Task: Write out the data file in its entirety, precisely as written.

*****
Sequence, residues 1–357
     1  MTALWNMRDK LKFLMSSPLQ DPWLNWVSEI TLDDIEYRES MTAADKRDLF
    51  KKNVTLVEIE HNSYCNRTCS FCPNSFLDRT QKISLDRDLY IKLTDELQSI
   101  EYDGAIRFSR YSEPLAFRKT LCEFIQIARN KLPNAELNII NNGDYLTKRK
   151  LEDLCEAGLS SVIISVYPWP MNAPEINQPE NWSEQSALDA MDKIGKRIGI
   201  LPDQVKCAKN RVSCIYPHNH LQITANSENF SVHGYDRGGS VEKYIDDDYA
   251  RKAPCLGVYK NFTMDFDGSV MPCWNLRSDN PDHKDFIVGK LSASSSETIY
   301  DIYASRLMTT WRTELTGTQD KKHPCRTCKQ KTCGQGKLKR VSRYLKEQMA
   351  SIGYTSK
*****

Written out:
Sequence, residues 1–357
     1  MTALWNMRDK LKFLMSSPLQ DPWLNWVSEI TLDDIEYRES MTAADKRDLF
    51  KKNVTLVEIE HNSYCNRTCS FCPNSFLDRT QKISLDRDLY IKLTDELQSI
   101  EYDGAIRFSR YSEPLAFRKT LCEFIQIARN KLPNAELNII NNGDYLTKRK
   151  LEDLCEAGLS SVIISVYPWP MNAPEINQPE NWSEQSALDA MDKIGKRIGI
   201  LPDQVKCAKN RVSCIYPHNH LQITANSENF SVHGYDRGGS VEKYIDDDYA
   251  RKAPCLGVYK NFTMDFDGSV MPCWNLRSDN PDHKDFIVGK LSASSSETIY
   301  DIYASRLMTT WRTELTGTQD KKHPCRTCKQ KTCGQGKLKR VSRYLKEQMA
   351  SIGYTSK